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Purple Piptom

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It’s another day out with my best friend Tori, and we are at the mall, our usual hangout place. This time she suggested that we go to the pet store to look around. As we are walking through the store, something unusual caught my eye. I turned to look and laid eyes upon the most beautiful creature I had ever seen! Tori shrieked in disgust at the animal’s appearance, but I knew he was put in that clear little box just for me to see him.
The tag read, Purple Piptom. I’ve never heard of anything like it before. He looked up at me, and four bright blue eyes were staring me in the face and begging me to pick him up. I reached my hands in to pick him up, but instead he sprang into my arms, bouncing off his curly tail. His long fluffy fur felt like velvet, filled my hands, and spilled through my fingers. He was like an oversized cotton ball. Although he was no bigger than a loaf of bread, his ears would give Dumbo a run for his money. He bounced into my arms and wrapped his pink sticky tail around my arm.
“Ugh!” Tori cried, “How can you hold that nasty looking thing?”
“He is not nasty; I think he’s very cute! Look at those eyes!” I replied.
“Look at his tongue! It’s hanging out of his mouth. I think there is something wrong with him!”
“No,” I replied. “I think he is supposed to do that. Ah, smell his breath, it smells so sweet!”
“Gross! No!” She exclaimed.
Tori gave a disgusted look and walked over to where the puppies could be seen.

I held this odd animal up to get a better look at him. The color of his fur was such a deep purple that it could calm the mind of any schizophrenic. As I held him up, he let out the most heartbreaking pout. I knew at that moment that he was going home with me. As I was studying my new animal, the store clerk casually walked over.
“Ah! I see that you have taken interest in our new addition to the store. He is quite the odd looking thing. He is not very popular with most of our customers, but he is one of a kind,” the clerk said in a persuasive tone.
“Oh he’s adorable! I was planning on taking him home with me.”
“Excellent!” He shouted. “I will go get the things needed to take care of him, and he’s all yours!” The store owner was in such a hurry to get the animal out of the store. It made me wonder what was wrong with the Piptom and caused me to have second thoughts about purchasing him.
“Wait! How much is he?” I asked hesitantly.
“For him, he’s free!” he said.
I replied with a smile so big it made my cheeks ache.

The store owner came back with a tire, a back massager, and a book called The Giving Tree. I thought, “Wow, what kind of animal is this?”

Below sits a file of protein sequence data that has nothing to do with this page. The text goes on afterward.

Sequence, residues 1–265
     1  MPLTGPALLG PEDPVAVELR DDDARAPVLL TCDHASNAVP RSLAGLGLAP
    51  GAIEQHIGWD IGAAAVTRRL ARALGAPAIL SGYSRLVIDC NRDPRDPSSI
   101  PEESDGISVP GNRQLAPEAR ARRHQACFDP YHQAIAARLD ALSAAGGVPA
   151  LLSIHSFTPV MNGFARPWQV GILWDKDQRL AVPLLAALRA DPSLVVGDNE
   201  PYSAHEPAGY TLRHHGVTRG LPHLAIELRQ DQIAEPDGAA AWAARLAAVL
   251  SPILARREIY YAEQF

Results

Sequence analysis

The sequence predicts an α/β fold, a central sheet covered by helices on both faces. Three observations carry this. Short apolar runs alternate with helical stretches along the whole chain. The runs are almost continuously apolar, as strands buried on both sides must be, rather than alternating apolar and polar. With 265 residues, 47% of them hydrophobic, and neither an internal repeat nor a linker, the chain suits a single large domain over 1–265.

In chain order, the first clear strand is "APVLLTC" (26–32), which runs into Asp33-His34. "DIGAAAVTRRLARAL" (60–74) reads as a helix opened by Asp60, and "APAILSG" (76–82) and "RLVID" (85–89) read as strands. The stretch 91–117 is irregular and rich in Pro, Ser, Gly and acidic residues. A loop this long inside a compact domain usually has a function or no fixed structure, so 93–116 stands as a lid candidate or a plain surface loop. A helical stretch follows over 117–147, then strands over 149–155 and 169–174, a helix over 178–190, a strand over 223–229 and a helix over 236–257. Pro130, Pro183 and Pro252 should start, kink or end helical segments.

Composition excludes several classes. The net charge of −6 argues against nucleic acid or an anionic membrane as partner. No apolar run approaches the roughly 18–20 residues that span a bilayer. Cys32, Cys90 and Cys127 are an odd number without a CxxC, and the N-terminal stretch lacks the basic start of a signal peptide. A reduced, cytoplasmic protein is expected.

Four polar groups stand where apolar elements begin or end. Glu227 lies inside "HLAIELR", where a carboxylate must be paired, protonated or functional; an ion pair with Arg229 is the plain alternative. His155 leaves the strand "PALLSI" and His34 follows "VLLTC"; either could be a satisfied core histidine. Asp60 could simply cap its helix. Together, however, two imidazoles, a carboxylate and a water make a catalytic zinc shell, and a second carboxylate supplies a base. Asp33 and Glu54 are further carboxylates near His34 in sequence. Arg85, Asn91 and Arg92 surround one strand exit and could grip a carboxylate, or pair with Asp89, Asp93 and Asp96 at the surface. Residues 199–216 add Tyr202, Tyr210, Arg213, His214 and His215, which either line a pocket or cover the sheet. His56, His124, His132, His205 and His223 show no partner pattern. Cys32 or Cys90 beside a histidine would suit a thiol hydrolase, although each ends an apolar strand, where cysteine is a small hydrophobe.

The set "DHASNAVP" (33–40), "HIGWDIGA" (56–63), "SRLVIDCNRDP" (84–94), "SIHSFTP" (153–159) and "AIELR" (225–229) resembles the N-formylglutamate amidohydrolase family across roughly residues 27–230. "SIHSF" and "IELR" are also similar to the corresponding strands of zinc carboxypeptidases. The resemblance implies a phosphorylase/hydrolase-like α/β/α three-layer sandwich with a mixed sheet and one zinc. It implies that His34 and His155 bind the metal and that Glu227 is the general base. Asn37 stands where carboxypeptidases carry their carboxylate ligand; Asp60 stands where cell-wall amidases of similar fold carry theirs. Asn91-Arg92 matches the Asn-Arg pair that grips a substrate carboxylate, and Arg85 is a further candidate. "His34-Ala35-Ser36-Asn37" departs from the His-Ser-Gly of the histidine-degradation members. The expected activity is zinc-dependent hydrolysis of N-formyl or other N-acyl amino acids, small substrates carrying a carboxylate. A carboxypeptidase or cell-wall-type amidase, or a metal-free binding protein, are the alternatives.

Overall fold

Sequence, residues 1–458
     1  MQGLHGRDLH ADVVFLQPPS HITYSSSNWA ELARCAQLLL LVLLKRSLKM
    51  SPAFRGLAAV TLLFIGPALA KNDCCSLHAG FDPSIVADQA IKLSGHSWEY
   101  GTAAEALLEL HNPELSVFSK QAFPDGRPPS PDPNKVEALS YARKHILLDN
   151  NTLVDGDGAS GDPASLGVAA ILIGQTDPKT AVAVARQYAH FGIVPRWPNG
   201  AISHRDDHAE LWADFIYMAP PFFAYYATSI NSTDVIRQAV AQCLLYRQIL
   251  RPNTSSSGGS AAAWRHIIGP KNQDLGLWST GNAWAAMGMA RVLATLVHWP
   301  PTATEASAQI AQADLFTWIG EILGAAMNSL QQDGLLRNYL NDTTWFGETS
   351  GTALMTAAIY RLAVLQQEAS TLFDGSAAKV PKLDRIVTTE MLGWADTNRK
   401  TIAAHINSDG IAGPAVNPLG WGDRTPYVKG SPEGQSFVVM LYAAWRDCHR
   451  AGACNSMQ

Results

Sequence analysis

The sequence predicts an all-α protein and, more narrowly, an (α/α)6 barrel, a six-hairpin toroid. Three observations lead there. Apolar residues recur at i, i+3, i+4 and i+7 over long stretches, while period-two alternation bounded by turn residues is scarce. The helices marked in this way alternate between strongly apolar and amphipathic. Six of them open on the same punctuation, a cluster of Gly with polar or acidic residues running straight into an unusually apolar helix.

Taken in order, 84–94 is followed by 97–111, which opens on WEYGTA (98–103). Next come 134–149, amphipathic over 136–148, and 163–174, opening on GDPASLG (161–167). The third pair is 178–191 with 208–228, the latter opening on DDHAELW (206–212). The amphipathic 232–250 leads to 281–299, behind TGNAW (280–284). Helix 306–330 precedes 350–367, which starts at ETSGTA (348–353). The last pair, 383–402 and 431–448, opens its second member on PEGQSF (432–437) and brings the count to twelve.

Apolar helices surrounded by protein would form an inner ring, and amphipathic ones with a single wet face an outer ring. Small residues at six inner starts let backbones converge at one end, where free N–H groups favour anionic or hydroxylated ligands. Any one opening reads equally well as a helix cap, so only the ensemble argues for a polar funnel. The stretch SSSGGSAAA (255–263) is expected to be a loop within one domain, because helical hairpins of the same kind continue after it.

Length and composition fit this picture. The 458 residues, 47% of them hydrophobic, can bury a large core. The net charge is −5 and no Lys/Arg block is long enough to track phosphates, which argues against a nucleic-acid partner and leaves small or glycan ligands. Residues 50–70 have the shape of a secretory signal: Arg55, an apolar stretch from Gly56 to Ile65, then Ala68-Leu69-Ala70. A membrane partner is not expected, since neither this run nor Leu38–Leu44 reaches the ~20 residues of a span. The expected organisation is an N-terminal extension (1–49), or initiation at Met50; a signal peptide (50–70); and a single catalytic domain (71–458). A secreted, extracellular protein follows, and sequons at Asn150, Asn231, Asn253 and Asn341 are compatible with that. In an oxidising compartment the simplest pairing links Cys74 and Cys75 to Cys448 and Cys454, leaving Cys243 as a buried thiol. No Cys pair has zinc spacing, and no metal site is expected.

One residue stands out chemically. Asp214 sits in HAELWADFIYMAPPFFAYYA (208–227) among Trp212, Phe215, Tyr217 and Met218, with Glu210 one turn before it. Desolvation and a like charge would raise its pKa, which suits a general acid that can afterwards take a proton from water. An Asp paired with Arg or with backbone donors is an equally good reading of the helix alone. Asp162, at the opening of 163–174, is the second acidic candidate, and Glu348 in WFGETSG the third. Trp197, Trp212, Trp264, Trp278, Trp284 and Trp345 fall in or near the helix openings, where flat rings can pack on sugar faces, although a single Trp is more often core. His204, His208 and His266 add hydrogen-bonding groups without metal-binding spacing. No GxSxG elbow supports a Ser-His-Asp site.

“This is all you will need to take care of this little fellow.”
“You forgot to give me his food!”
“That’s what the tire is for.” I turned, perplexed, to look at this mysterious creature. He only smiled at me. He obviously does not think he is as weird as I think he is.

After gathering all the odd things I needed to take care of Leonard, as I decided to call him, Tori and I headed back out to the car with a bouncy new pet following behind us. As we drove down the interstate towards home, Leonard hung out the window, enjoying the fresh breeze. The car was quickly filled with the sweet aroma of almonds and cherries that came from his breath as he panted while in the backseat.
“I cannot believe you are taking that thing home with you.” Tori said in disgust. “You know your parents will be irate!”
“Well, I think he’s absolutely adorable; those pitiful eyes were just begging for me to save him! And he…”
My sentence was interrupted when a loud shrill sound rang in our ears. My heart dropped as I turned around to see that Leonard had fallen out the window and was now clinging to the antenna of my car. Since he had no arms or legs, the only thing that was holding him secure is his sticky curly tail which is wound around the antenna in knots.
“Oh my gosh! what do we do!?” Tori shouted.
I screamed in anguish as I watched my little animal flap furiously and helplessly in the wind. Little kids in passing cars pointed and looked in despair as they drove by the distressed animal. Adults and parents looked on with raised eyebrows and did double takes to make sure they were really seeing what they thought they were seeing. I pulled over as fast as I could. Tori and I tugged and tugged, but no matter how hard we yanked or pulled, we could not undo the knots that had been made; we only made them tighter. I would have to take him to the vet and hope that they could help him. We had no other choice than to leave him hooked to the antenna as we drove the next ten miles to the animal hospital. Leonard flapped in the wind as if he were a new decoration added to my car.
After ten miles of getting disturbed looks from other drivers and listening to Leonard cry, we arrived at the vet. They looked in shock at the animal and the weird situation it was in. They assured me that they would be able to help in someway. Tori and I waited for two hours and watched as they skillfully undid knots, twirled him in and out of his tail, and finally freed him. He bounced over to us crookedly, but happy as ever. I thanked the veterinarians and then Leonard, Tori, and I jumped into the car and headed home. This time, with the windows rolled up.





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